Killer Tomatoes or their equivalent. (Not that there's anything wrong with loving B-films. Killer Tomatoes have their place.)
I sometimes like to think of sci-fi books as food, since they are, in essence, food for the brain (or food for thought, if you will). Things like comic books and Star Trek novelettes and quirky/kitchy anthologies organized around a central hokey theme are fun. They are the pop tarts and candy bars of the sci-fi world. My unrefined brain-palate could graze on these all day and never tire (It's true. There have definitely been days I have spent in bed or on park benches just devouring this stuff.)
But my problem is that I have super-smart friends. The kind of friends with discriminating tastes. They only consume the pineapple-glazed seitan cutlets and brussels sprouts of science fiction. They know their Assimov from their Bova, and have memorized passages of Ursula Le Guin just because they liked the way the words fit together to describe a concept. Every now and then we chat Lovecraft (for he's one of the rare writers who is both pop tart and brussels sprout), but by and large I embarass them with my geeky love for sci fi with questionable literary merit.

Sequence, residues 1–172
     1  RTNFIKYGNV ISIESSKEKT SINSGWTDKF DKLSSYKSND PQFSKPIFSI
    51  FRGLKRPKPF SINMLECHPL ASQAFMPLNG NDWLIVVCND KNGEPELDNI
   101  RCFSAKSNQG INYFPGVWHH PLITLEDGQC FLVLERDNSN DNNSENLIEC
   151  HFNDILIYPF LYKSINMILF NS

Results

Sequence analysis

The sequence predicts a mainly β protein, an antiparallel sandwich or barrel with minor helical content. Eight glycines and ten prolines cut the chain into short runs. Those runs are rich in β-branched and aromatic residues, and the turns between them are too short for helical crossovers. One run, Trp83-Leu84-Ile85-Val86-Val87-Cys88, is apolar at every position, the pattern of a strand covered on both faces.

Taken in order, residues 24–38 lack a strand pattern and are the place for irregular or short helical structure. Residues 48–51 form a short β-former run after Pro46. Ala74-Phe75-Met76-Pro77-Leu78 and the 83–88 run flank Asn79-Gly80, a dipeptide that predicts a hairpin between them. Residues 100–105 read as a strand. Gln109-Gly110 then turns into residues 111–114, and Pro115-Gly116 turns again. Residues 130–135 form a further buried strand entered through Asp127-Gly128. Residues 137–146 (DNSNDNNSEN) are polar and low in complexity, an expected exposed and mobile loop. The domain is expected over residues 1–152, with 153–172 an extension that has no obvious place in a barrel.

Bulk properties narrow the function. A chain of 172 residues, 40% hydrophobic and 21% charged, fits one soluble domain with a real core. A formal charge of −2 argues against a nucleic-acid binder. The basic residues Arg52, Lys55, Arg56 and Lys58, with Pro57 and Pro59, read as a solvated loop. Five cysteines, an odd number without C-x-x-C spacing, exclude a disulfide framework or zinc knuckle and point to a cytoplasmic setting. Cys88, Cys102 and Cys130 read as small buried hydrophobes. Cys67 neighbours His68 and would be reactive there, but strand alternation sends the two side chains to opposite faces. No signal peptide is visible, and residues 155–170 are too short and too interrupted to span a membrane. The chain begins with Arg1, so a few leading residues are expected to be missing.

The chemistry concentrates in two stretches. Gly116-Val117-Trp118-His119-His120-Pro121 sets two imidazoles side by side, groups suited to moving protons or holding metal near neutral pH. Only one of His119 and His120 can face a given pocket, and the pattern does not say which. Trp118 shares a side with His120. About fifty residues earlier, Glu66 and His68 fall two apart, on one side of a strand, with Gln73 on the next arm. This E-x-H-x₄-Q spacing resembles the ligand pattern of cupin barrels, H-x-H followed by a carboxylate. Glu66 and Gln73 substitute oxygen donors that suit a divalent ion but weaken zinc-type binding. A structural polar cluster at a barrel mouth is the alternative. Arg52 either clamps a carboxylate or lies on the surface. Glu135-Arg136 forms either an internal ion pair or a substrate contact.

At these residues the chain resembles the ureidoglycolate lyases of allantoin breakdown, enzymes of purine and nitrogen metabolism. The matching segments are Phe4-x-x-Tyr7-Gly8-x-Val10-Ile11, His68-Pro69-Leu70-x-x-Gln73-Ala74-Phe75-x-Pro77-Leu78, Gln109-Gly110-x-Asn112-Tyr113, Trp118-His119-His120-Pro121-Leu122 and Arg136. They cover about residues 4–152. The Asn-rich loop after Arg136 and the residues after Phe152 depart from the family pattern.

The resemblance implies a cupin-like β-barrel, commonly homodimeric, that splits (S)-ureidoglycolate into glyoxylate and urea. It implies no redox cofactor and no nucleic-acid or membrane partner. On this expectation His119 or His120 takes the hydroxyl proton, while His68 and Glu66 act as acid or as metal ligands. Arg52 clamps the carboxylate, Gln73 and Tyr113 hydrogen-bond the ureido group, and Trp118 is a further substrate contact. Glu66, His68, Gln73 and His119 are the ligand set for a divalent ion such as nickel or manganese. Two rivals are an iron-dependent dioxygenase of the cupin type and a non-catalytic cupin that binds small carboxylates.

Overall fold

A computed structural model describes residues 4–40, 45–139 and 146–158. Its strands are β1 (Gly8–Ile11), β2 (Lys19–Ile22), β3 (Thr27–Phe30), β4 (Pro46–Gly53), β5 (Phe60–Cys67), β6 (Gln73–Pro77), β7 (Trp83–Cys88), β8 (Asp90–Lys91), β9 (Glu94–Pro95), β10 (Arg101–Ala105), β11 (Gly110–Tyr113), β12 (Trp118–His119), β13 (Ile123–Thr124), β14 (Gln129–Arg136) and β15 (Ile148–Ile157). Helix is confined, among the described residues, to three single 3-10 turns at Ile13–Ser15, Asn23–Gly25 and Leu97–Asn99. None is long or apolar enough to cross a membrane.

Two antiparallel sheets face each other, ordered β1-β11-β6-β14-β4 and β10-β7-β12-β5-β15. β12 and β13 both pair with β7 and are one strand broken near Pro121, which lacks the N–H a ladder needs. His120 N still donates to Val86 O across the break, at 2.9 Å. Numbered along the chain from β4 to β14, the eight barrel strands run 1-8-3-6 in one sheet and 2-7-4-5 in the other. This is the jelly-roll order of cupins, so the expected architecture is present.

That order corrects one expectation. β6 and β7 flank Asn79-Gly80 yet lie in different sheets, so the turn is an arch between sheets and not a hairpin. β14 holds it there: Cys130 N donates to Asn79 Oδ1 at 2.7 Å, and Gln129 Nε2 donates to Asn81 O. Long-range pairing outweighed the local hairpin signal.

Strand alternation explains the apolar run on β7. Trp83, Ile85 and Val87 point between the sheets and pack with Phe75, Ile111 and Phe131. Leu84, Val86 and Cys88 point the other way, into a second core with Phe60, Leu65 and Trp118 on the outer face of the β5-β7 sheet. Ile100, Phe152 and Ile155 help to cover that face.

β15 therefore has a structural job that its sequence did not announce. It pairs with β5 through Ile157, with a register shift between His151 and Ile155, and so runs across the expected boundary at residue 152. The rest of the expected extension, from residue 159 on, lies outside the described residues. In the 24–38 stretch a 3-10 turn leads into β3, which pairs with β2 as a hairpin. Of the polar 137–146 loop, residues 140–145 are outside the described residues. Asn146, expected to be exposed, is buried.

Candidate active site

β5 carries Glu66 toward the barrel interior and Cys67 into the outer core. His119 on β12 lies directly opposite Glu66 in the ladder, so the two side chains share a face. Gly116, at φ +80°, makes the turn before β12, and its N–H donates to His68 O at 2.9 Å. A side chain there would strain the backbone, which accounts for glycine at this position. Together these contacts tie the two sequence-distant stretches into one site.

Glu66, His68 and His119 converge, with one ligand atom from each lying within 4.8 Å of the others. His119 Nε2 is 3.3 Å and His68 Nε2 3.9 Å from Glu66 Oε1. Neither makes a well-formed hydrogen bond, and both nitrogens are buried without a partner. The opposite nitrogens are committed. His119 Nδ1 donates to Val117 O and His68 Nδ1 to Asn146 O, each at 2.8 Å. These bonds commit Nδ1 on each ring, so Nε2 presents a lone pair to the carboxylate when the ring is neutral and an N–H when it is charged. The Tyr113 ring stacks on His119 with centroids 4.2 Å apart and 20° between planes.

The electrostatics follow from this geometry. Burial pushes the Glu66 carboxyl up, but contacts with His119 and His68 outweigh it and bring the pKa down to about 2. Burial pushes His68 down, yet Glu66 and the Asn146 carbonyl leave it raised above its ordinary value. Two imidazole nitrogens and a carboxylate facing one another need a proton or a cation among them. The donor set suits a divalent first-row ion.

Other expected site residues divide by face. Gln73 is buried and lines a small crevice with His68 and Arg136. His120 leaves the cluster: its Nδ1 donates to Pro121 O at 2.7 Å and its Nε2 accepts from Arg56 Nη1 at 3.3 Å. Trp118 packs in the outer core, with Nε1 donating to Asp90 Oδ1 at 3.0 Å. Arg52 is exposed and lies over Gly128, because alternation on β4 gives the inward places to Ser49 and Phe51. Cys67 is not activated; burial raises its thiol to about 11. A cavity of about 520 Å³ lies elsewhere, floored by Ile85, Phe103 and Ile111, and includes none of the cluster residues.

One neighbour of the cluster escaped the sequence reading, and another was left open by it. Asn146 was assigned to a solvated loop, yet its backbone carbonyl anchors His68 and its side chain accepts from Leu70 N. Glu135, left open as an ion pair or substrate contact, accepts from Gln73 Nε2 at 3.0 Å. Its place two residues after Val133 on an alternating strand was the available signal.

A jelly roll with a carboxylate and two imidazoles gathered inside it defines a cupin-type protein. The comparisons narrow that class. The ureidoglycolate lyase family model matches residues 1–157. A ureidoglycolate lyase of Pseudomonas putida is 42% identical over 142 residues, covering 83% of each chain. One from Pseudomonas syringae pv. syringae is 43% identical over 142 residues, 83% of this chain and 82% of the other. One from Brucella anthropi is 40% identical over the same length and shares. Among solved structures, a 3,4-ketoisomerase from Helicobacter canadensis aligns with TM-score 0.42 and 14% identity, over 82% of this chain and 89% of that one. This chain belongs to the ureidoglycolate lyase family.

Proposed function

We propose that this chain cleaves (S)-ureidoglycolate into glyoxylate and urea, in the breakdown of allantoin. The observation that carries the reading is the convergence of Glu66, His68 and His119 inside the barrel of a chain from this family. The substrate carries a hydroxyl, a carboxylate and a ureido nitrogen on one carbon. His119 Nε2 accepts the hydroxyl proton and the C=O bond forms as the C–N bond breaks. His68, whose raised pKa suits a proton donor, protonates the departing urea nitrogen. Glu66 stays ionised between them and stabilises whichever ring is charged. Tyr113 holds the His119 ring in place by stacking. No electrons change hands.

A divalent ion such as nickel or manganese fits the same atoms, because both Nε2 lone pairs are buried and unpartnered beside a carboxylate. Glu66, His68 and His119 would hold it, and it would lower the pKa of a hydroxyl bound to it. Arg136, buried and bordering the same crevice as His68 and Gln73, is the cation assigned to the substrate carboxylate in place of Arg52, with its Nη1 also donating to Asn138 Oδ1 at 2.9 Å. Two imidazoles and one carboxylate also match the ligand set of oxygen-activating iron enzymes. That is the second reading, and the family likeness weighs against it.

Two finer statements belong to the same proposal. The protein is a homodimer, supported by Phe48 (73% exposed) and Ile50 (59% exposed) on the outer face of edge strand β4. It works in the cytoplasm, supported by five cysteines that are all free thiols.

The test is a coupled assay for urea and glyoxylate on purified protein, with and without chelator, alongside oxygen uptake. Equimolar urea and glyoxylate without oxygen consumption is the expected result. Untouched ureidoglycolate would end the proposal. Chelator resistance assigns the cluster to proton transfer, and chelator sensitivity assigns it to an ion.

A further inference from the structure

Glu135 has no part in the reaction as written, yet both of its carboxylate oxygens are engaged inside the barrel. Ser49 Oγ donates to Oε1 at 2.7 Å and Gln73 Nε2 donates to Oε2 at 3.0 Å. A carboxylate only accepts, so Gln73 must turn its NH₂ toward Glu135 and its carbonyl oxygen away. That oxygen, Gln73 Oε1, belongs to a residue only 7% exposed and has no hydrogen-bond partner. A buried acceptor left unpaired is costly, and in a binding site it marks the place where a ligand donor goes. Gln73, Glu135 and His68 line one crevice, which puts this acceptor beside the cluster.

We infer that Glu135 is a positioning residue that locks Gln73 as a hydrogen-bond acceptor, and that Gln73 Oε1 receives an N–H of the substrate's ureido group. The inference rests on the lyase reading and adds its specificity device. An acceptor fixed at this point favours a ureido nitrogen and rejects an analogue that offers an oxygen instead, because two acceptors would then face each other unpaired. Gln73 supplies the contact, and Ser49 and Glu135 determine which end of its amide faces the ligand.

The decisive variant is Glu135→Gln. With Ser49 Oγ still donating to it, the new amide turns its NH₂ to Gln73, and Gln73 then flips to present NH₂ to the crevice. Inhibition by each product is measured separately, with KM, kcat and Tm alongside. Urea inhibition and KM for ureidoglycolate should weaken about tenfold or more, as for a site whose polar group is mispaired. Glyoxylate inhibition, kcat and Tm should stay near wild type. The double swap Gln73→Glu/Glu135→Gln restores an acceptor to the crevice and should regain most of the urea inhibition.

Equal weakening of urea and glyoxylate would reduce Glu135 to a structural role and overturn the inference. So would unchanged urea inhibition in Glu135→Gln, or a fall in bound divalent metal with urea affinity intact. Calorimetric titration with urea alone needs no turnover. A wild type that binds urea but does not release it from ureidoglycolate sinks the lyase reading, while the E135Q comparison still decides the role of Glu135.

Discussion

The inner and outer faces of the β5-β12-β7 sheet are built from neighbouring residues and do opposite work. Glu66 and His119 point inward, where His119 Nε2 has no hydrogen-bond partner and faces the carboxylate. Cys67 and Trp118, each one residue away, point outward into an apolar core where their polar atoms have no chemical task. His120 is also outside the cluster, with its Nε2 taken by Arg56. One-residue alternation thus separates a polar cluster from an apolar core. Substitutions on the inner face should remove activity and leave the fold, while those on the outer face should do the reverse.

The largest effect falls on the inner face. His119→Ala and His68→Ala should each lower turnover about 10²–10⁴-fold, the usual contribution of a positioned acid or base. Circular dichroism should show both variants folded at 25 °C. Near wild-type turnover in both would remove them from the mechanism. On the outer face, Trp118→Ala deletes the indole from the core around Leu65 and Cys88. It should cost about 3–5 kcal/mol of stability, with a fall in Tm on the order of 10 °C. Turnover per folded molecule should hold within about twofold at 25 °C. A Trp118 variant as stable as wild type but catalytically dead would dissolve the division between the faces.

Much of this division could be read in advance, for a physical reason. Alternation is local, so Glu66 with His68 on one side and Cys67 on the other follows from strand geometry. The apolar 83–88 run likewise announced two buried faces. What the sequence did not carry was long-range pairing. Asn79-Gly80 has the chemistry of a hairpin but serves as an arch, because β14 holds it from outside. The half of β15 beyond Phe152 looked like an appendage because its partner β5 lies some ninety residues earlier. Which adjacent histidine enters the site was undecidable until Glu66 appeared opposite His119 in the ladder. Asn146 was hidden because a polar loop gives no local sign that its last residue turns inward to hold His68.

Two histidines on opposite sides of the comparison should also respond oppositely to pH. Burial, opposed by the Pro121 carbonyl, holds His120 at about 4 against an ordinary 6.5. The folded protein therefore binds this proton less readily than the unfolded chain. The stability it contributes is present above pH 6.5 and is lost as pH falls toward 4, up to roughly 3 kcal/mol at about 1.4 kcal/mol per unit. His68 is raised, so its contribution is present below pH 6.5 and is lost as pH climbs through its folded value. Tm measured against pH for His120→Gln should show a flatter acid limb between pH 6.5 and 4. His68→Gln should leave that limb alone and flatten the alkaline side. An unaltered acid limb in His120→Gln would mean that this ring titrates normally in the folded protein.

And when the embarassment gets to be too bad, I am punished with a brussels sprouts assignmnet. I promised a friend I would read any book they thought I really couldn't afford to be without.
My friend chose Robert Heinlein's 1966 novel The Moon is a Harsh Mistress. And I did it. While I can tear through several books of pop tart sci-fi in a day if left to my own devices, this book took me two weeks to complete. It's a hard book. The people of the lunar colony Heinlein writes about have their own Loony language, who use it in unique ways, kind of like how the characters in A Clockwork Orange did. This, plus the super-detailed and slow-moving plot meant that my brain had to engage with this sci-fi in a whole new way.
But you know what? Like brussels sprouts, it was good for me. The slow pace allowed me the time to digest the complications in plot and character, and to think about the core tenets of sci-fi. By the time I finished the book, I had a new found appreciation for the grandfathers of the genre. They are the ones who created the tropes and set the parameters and showed writers that we could demand more from their works, and readers that we could demand more from the work of others.
Having read Heinlein, I feel that I have a better understanding of how the genre has developed throughout history, and I think this will make me a better sci-fi writer. Just like how modern philosophers have to start off with The Allegory of the Cave, so do modern sci-fi writers have to pay their dues and understand how it began in order to take it into new and uncharted territory.